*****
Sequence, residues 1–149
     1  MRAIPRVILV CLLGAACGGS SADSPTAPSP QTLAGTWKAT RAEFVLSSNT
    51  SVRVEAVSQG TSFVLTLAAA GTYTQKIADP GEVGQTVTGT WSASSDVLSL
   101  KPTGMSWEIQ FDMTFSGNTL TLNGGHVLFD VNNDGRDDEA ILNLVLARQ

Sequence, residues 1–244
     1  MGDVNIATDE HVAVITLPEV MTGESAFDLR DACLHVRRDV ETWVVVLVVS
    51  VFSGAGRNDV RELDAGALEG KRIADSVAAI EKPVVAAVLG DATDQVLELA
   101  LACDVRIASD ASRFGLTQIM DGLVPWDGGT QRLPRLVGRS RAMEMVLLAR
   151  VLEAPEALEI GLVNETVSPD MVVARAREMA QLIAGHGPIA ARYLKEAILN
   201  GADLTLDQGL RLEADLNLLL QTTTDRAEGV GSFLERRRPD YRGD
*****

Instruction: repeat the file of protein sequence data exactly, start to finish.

Sequence, residues 1–149
     1  MRAIPRVILV CLLGAACGGS SADSPTAPSP QTLAGTWKAT RAEFVLSSNT
    51  SVRVEAVSQG TSFVLTLAAA GTYTQKIADP GEVGQTVTGT WSASSDVLSL
   101  KPTGMSWEIQ FDMTFSGNTL TLNGGHVLFD VNNDGRDDEA ILNLVLARQ

Sequence, residues 1–244
     1  MGDVNIATDE HVAVITLPEV MTGESAFDLR DACLHVRRDV ETWVVVLVVS
    51  VFSGAGRNDV RELDAGALEG KRIADSVAAI EKPVVAAVLG DATDQVLELA
   101  LACDVRIASD ASRFGLTQIM DGLVPWDGGT QRLPRLVGRS RAMEMVLLAR
   151  VLEAPEALEI GLVNETVSPD MVVARAREMA QLIAGHGPIA ARYLKEAILN
   201  GADLTLDQGL RLEADLNLLL QTTTDRAEGV GSFLERRRPD YRGD